Aliza Ashraf

Aliza Ashraf is a second-year masters candidate in Classical Studies at Columbia, where she focuses on ancient and modern philosophy. Her philosophical interests revolve largely around epistemology and metaphysics, and have been the foundation for her undergraduate and graduate research.

She discovered her passion for philosophy and the classical world during her undergraduate studies at Queens College, City University of New York. She graduated from there in 2019, earning her BA cum laude, with a triple-major in Philosophy, Classics, and Psychology, and a double-minor in Italian and the Honors in the Humanities Program.

During her undergraduate years, she focused primarily on Plato and Aristotle, which culminated in her BA thesis, where she defended Platonic erotics against complaints by scholars such as Gregory Vlastos and Martha Nussbaum concerning the intellectualization of the lover-beloved dynamic. Moreover, she focused on the erotic aspects of another (perhaps unexpected) Platonic dialogue, namely, the Protagoras, in her paper "Equality in Love: The Education of Lover and Beloved in Plato's Protagoras," which she presented at the 2019 West Coast Plato Conference, being the only undergraduate student to do so.

She further cultivated her philosophical interests through several study abroad programs, including Political Philosophy at Exeter College, Oxford, and the Philosophy, Politics, and Economics (PPE) Program at Oriel College, Oxford. She supplemented these with her interests in Classics, attending the Greek and Latin Summer School (GLSS) at Bologna University, Italy, as well as Greek philosophy & translation classes at the Paideia Institute.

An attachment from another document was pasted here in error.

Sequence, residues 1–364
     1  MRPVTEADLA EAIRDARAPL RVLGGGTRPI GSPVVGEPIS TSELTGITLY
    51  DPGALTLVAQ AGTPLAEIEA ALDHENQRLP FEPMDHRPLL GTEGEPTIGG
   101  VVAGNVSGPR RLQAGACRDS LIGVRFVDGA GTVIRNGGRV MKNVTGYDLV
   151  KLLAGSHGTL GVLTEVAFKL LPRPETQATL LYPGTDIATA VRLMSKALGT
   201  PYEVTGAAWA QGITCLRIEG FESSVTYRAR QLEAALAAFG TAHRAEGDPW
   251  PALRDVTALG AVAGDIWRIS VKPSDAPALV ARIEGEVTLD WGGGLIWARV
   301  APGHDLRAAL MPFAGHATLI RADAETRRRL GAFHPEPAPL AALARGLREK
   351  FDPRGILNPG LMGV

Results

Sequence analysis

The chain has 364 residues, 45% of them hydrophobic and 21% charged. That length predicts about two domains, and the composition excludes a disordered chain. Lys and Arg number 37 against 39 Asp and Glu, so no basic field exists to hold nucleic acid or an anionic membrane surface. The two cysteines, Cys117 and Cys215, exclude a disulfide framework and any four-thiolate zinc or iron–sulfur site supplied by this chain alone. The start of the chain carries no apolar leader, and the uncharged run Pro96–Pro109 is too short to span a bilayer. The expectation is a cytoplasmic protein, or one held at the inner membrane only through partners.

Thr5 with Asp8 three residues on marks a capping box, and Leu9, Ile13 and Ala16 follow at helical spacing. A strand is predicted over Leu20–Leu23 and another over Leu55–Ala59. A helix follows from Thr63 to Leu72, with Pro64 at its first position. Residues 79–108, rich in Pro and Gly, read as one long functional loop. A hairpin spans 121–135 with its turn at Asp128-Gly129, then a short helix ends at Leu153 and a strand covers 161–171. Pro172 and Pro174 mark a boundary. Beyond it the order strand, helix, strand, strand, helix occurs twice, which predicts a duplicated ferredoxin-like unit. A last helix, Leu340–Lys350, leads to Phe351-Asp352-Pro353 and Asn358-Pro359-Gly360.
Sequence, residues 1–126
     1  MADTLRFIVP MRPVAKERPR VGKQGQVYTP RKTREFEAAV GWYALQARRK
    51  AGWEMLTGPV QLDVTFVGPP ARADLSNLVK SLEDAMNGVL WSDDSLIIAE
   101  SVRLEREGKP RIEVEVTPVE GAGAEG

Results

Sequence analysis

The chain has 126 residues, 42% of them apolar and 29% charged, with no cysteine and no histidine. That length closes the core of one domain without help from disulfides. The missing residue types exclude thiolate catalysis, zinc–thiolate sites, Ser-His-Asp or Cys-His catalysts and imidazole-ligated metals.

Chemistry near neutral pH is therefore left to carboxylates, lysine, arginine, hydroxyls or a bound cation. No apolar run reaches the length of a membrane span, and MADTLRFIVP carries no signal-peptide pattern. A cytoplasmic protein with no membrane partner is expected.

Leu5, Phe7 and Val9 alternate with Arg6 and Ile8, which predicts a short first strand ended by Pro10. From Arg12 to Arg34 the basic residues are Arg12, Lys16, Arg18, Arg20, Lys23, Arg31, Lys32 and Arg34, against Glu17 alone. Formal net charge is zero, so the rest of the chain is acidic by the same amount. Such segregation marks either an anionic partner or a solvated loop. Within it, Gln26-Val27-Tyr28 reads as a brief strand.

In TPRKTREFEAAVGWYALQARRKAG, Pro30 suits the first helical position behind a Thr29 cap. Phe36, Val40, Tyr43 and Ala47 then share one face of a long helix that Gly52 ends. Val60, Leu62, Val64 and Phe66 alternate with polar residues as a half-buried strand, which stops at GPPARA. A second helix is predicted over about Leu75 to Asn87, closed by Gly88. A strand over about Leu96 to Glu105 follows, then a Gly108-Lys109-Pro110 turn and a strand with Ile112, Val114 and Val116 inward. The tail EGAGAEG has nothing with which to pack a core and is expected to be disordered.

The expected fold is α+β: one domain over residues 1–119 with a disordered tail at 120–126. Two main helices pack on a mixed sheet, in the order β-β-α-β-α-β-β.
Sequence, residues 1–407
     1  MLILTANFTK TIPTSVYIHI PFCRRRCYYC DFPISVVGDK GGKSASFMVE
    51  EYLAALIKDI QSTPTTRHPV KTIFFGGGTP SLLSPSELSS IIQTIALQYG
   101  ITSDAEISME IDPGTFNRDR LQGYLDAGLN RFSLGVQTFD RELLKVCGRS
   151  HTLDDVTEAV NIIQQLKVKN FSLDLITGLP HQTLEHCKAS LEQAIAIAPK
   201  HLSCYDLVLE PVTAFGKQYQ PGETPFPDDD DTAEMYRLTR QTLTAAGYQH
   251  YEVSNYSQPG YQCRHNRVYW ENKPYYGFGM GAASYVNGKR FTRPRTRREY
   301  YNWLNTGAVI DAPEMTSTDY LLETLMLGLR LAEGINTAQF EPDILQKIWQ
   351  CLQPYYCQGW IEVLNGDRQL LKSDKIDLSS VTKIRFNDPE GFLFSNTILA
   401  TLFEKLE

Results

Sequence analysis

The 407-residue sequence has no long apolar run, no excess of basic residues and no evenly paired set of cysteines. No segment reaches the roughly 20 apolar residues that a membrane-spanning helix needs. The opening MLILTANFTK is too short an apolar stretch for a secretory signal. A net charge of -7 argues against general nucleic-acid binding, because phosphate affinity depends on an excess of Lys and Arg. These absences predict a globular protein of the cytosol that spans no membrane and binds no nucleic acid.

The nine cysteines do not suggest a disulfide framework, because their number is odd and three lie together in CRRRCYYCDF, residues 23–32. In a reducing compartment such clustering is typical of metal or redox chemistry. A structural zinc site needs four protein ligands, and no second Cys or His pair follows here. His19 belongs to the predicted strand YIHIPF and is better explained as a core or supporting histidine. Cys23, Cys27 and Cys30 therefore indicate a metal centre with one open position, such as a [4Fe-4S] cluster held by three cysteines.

In 2020, she graduated from Wolfson College, Cambridge, with an MPhil in Classics (specialization: Ancient Philosophy). Her MPhil thesis "Desire in Socratic Intellectualism: Moral motivation as dual belief-desire pairing" focused on Platonic epistemology, arguing that Platonic motivational psychology can be understood effectively through an intellectualist framework consisting of a dual-pair of belief-desire motivational aspects.

At Columbia, she delights in the interdisciplinary nature of the Classical Studies program, which allows her to pursue philosophy extensively. Her current philosophical interests are two-fold: the ancient tradition, specifically Stoic Philosophy, and the early modern tradition, particularly Hobbes, Descartes, and Spinoza. For her MA thesis in Classical Studies, her intended topic will explore the significant influence of Stoicism on Spinoza. She ultimately hopes to pursue a PhD in Philosophy and to further research the early modern tradition, delving into the metaphysics and epistemology of Spinoza.

Aside from her studies, Aliza works as a Supplemental Instructor in English Literature at Queens College, CUNY, as well as a Philosophy Tutor for the online tutoring platform Varsity Tutors. Email Aliza Ashraf.